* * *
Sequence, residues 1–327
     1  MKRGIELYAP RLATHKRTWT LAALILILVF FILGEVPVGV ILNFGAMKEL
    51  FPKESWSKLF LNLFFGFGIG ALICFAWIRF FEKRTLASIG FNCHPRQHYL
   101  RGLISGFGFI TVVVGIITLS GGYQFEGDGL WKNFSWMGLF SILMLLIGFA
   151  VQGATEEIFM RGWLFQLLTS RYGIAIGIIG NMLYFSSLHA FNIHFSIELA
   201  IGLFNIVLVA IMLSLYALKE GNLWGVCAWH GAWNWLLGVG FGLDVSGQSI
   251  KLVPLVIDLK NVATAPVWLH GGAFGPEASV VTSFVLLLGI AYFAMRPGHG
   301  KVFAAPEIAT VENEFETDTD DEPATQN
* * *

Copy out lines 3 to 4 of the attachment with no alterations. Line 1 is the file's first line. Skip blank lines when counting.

    51  FPKESWSKLF LNLFFGFGIG ALICFAWIRF FEKRTLASIG FNCHPRQHYL
   101  RGLISGFGFI TVVVGIITLS GGYQFEGDGL WKNFSWMGLF SILMLLIGFA